• Handling Breakups

Ending a long term friendship

Published: May 29, 2016 | By | 7 Replies Continue Reading
A woman asks how to end a long term friendship that has become frayed and unsatisfying.



I’m feeling a bit lost right now. I’ve been friends with this girl for over twenty years now. In recent years she’s become selfish, narcissistic, and generally not a nice person so she has very few friends.

She never asks how my life is going or anything. The conversation is always around her and her life. Whenever I mention something about my life she just ignores it or completely changes the subject. Other friends often ask why I am friends with someone like her as its her way or no way, and I just say oh, we’ve been friends for years. But lately, I’m starting to get sick of that excuse and her.

Last year I fell in love with this boy and I graduated college and got a job and started my career and getting on with my life generally while she is a college drop-out without a boyfriend. Everyone around my age, 24, is moving on with their lives and I don’t have this problem with any of my other friends because we’re all acting our age.

She never once asked me how my job was going or anything. She recently asked me to go on holidays with her two months after I got the job. I said I couldn’t because I had just started the job so I obviously couldn’t ask for the time off obviously.

Nine months into the job, when I could take holidays, I told her my friend from college and I were planning on going away and she went behind my back saying I didn’t want to go with her when she asked. But she didn’t say anything to me, like a grownup would.

Last week I heard she went out for her birthday and didn’t invite me. At this point I think I’m done with her. I feel that she’s jealous because I’m doing so well and moving on with my life and she’s stuck where she is, all of her own doing but wants to blame everyone else. How do I end the friendship properly?

Signed, Jennie


Hi Jennie,

It’s quite common that in their twenties, people mature at different rates and go off in different directions—geographically, romantically, career-wise, etc. While some childhood friendships seem to endure, the large majority do not.

Whatever the reasons for your friend’s unfriendly behavior, it sounds like you are quite sure that you need a break from this relationship. The good news: It sounds like she has decided to drift away, too, because your lives are so disparate.

I don’t think you need to definitively end the friendship, per se. If you no longer initiate contact, it sounds like this one will fade away on its own. Then, if her disposition and life circumstances change, you’ll have left the door open.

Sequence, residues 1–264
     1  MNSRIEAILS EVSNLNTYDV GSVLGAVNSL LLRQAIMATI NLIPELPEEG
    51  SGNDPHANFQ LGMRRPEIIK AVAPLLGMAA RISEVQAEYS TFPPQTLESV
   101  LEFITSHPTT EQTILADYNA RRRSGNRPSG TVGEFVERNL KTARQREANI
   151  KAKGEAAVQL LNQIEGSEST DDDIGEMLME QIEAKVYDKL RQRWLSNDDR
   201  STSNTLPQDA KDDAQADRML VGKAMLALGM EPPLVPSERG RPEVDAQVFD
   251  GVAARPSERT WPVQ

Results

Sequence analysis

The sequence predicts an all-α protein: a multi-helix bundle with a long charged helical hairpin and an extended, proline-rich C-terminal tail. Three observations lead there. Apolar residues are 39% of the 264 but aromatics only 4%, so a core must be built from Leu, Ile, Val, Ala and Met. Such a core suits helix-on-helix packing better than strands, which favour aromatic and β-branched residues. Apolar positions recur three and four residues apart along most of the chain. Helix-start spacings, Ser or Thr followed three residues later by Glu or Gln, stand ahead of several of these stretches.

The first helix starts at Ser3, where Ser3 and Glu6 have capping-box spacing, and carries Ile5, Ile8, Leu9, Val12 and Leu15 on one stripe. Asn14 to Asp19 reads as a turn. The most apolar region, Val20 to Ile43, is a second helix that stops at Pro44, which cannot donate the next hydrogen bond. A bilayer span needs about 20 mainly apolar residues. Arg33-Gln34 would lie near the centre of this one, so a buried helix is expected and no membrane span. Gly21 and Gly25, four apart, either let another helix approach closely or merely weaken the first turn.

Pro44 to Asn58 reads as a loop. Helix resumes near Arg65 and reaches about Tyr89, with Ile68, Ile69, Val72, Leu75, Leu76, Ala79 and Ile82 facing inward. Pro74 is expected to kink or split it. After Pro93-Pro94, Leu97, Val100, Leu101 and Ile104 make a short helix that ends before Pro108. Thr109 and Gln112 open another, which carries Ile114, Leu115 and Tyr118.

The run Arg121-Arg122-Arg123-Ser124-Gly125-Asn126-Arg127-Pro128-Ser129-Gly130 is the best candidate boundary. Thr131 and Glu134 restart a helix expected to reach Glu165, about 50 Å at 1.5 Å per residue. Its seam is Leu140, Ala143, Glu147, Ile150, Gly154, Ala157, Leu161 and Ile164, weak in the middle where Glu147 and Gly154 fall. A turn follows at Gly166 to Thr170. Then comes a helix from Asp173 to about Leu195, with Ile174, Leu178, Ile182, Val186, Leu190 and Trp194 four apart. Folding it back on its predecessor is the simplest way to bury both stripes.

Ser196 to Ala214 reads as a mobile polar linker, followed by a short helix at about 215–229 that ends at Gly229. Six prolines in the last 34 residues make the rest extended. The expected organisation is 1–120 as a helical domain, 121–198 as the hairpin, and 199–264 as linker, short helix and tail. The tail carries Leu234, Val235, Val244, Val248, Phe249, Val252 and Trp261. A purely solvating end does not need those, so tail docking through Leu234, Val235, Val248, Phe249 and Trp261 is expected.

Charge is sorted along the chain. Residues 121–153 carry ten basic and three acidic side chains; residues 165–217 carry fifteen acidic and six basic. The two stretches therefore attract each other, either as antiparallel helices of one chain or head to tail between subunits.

Hope this helps.

Best, Irene

Previously on The Friendship Blog:

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Category: HANDLING BREAKUPS, How to break up

Comments (7)

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  1. Bella says:

    I’ve just recently moved and my best friend I’ve known for a very long time hasn’t been keeping in touch and I’m always expected to text first and she is really rude and has been talking behind my back to my other friends and saying she doesn’t care about me and hates me.

    I recently visited and she seemed distanced and was texting other people and when I told her she was being rude she got angry and make excuses.

    Now she never invites me to things and whenever I go out with friends gets jealous and says I never invite her to things.

    My friends keeping telling me to cut her off because they see I’m stressed and upset but my family is really close with her family and tell me that I can resolve things but I feel stuck and just don’t know what to do.

  2. Remy says:

    So today my best friend for 3 years all of a suddon said i hate you you are not my friend anymore i asked my other friend and she daid that my friend told her that I dont take her bull crap but she allways takes mine that is not true i am all wayse there for her and i feel so bad she then said i am mean to her when she has been my best friend she all of a suddon hates me what do i do i mean its not my fault but i want to know so i can fix it she is one of my only friends and before this she keeps on ignoreing me and she says that i am mean to her and i ignore her and dont lissen to her ideas she was mad at md other friend too but now she and her are best buddies #help i want to fix it


  3. Scott L. says:

    Almost 6 years ago, I had “Lynette,” my closest friend of *45* years end the friendship. It looks like I was “sacrificed” in favor of her job.